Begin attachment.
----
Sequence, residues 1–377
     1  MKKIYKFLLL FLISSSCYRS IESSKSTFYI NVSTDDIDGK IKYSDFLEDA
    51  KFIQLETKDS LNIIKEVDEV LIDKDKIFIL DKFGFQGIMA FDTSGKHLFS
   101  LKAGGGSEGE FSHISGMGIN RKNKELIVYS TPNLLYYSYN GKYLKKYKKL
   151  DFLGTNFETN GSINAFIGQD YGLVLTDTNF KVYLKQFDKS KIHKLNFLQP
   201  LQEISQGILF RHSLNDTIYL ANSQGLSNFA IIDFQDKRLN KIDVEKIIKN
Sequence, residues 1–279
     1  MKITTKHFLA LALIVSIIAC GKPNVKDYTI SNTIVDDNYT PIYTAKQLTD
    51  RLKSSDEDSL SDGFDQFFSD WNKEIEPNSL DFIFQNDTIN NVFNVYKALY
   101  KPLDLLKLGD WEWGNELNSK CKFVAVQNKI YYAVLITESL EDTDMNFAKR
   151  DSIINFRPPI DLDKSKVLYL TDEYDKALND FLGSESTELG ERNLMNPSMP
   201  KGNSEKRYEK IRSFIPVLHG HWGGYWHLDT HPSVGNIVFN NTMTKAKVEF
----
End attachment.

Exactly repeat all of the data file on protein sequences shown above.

Sequence, residues 1–377
     1  MKKIYKFLLL FLISSSCYRS IESSKSTFYI NVSTDDIDGK IKYSDFLEDA
    51  KFIQLETKDS LNIIKEVDEV LIDKDKIFIL DKFGFQGIMA FDTSGKHLFS
   101  LKAGGGSEGE FSHISGMGIN RKNKELIVYS TPNLLYYSYN GKYLKKYKKL
   151  DFLGTNFETN GSINAFIGQD YGLVLTDTNF KVYLKQFDKS KIHKLNFLQP
   201  LQEISQGILF RHSLNDTIYL ANSQGLSNFA IIDFQDKRLN KIDVEKIIKN
Sequence, residues 1–279
     1  MKITTKHFLA LALIVSIIAC GKPNVKDYTI SNTIVDDNYT PIYTAKQLTD
    51  RLKSSDEDSL SDGFDQFFSD WNKEIEPNSL DFIFQNDTIN NVFNVYKALY
   101  KPLDLLKLGD WEWGNELNSK CKFVAVQNKI YYAVLITESL EDTDMNFAKR
   151  DSIINFRPPI DLDKSKVLYL TDEYDKALND FLGSESTELG ERNLMNPSMP
   201  KGNSEKRYEK IRSFIPVLHG HWGGYWHLDT HPSVGNIVFN NTMTKAKVEF